Imágenes de páginas
PDF
EPUB

To find the faults, whose fine stands in record,
And let go by the actor!

Isab. O just, but severe law!
I had a brother, then. — Heaven keep your honor!

[Retiring.

Lucio [to Isabella.] Give't not o'er so; to him again, entreat him; Kneel down before him, hang upon his gown; You are too cold. If you should need a pin, You cTJuld not with more tame a tongue desire it: To him, I say!

Isab. Must he needs die?

Ang. Maiden, no remedy.

Isab. Yes ; I do think that you might pardon him, And neither Heaven nor man grieve at the mercy.

Ang. I will not do't.

Isab. But can you, if you would?

Ang. Look, what I will not, that I cannot do.

Isab. But might you do't, and do the world no wrong, If so your heart were touched with that remorse As mine is to him?

Ang. He's sentenced; 't is too late.

Lucio. You are too cold. [To Isab.

Isab. Too late! why, no; I, that do speak a word.
May call it back again. Well, believe this,
No ceremony that to great ones 'longs,
Not the king's crown, nor the deputed sword,
The marshal's truncheon, nor the judge's robe,
Become them with one half so good a grace
As mercy does. If he had been as you,
And you as"he, you would have slipt like him;
But he, like you, would not have been so stefh.

Ang. Pray yaa, begone.

Isab. I wouloto Heaven I had your potency, And you were Isabel V should it then be thus? No; I would tell what't were to be a judge, And what a prisoner.

Lucio. [Aside.] Ay, touch him; there's the vein!

Ang. Your brother is a forfeit of the law,
And you but waste your words.

Isab. Alas! alas!
Why, all the souls that were, were forfeit once;
And He that might the vantage best have took
Found out the remedy. How would you be,

If He, which is the top of judgment, should
But judge you as you are? O, think on that;
And mercy then will breathe within your lips
Like man new made!

Ang. Be you content, fair maid; ,
It is'the law, not I, condemns your brother;
Were he my kinsman, brother, or my son,
It should be thus with him; — he must die to-morrow.

Isab. To-morrow! O, that's sudden! Spare him, spare him!

He's not prepared for death! Even for our kitchens

We kill the fowl of season; shall we serve Heaven

With less respect than we do minister

To our gross selves? Good, good my lord, bethink you ,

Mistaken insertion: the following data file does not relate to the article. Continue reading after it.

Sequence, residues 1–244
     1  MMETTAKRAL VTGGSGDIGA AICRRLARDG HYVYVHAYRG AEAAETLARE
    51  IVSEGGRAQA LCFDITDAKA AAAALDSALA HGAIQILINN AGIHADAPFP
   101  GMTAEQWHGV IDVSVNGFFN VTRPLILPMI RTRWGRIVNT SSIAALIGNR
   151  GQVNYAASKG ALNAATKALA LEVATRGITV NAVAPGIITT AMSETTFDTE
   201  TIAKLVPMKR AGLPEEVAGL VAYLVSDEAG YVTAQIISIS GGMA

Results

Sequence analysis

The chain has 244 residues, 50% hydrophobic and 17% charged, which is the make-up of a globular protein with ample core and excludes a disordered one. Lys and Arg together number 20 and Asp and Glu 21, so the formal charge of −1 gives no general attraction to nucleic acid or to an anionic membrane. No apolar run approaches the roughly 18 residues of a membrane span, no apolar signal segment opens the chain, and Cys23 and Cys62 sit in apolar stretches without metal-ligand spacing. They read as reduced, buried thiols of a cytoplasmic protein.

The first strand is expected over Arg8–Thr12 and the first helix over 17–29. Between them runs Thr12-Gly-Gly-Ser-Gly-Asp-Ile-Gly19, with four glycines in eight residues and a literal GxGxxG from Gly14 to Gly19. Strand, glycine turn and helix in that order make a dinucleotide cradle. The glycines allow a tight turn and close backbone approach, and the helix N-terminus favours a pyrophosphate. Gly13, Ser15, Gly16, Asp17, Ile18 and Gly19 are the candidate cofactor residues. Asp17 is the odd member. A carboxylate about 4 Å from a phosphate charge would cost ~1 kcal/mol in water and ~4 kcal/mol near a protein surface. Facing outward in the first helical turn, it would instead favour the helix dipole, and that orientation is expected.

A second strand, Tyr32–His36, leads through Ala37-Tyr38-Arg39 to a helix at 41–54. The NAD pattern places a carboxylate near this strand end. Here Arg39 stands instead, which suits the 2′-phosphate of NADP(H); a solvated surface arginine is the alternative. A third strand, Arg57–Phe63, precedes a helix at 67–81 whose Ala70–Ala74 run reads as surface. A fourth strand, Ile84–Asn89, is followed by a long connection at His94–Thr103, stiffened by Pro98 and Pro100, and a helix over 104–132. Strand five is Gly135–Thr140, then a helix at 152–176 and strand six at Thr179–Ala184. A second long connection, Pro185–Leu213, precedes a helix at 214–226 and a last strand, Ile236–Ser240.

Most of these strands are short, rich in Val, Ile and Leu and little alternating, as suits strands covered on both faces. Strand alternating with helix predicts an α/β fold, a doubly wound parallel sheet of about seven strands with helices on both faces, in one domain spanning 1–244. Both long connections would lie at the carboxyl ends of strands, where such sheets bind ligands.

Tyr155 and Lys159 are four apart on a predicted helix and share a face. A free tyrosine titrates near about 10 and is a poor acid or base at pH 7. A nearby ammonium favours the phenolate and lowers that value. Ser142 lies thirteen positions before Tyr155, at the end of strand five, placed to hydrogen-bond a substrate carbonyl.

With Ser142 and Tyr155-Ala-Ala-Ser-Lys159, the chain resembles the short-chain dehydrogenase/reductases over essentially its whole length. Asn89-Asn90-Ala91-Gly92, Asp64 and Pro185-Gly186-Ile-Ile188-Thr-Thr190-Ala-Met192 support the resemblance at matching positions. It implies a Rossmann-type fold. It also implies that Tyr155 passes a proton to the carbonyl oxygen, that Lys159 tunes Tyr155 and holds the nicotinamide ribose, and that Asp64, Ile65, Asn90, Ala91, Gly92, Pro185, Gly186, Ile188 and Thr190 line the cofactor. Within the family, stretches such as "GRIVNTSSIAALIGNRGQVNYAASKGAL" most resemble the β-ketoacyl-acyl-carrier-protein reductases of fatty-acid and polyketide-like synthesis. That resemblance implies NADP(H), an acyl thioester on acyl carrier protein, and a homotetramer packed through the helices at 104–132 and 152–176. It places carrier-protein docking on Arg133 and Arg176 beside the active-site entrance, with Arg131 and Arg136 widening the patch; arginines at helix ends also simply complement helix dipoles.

Who is it that hath died for this offence?

There's many have committed it.

Lucio. Ay, well said. '*

Ang. The law hath not been dead, though it hath slept, Those many had not dared to do that evil, If the first man that did the edict * infringe Had answered for his deed; now, 't is awake; Takes note of what is done; and, like a prophet. Looks in a glass, that shows what future evils (Either now, or by remissness new-conceived, And so in progress to be hatched and born) Are now to have no successive degrees, But, where they live, to end.

Isab. Yet show some pity!

Ang. I show it most of all when I show justice;
For then I pity those I do not know,
Which a dismissed offense would after gall;
And do him right, that, answering one foul wrong,
Lives not to act another. Be satisfied;
Your brother dies to-morrow; be content.

Isab. So, you must be the first that gives the sentence;
And he, that suffers! O, it is excellent
To have a giant's strength; but it is tyrannous
To use it like a giant.

Lucio. That's well said.

Isab. Could great men thunder

* This word has in modern times assumed the penultimate accent; but in reading Shakspeare it is but a slight compliment to the greatest of poets to submit to his authority, and accordingly the Word should here be called tdid.

[ocr errors]

As Jove himself does, Jove would ne'er be quiet;
For every pelting', petty officer,

Would use his heaven for thunder, — nothing but thunder.
Merciful Heaven!

Thou rather, with thy sharp and sulphurous bolt,
Splitt'st the unwedgeable and gnarled oak,
Than the soft myrtle ; — O, but man, proud man!
Dresed in a little brief authority, —
Most ignorant of what he's most assured,
His glassy essence,—like an angry ape,
Plays such fantastic tricks before high heaven,
As make the angels weep; who, with our spleens,
Would all themselves laugh mortal.

Lucio. O, to him, to him, wench! he will relent;
He's coming, I perceive't.

Isab. We cannot weigh our brother with ourself; Great men may jest with saints: 't is wit in them; But, in the less, foul profanation.

Lucio. Thou 'rt in the right, girl! more o' that.

Isab. That in the captain's but a choleric word Which in the soldier is flat blasphemy.

Lucio. Art advised o' that? more on't!

Ang. Why do you put these sayings upon me?

Isab. Because authority, though it err like others,
Hath yet a kind of medicine in itself,
That skims the vice o' the top: Go to your bosom;
Knock there, and ask your heart what it doth know
That's like my brother's fault; if it confess
A natural guiltiness, such as is his,
Let it not sound a thought upon your tongue
Against my brother's life.

Ang. She speaks, and't is
Such sense, that my sense breeds with it. Fare you well.

Isab. Gentle my lord, turn back!

Ang. I will bethink me : — Come again to-morrow.

Isab. Hark, how I '11 bribe you : Good my lord, turn back!

Ang. How! bribe me?

Isab. Ay, with such gifts that heaven shall share with you.

Lucio. You had marred all else!

Isab. Not with fond shekels of the tested gold,
Or stones, whose rates are either rich or poor,
As fancy values them; but with true prayers,
That shall be up at heaven, and enter there,
Ere sunrise; prayers from preserved souls,

« AnteriorContinuar »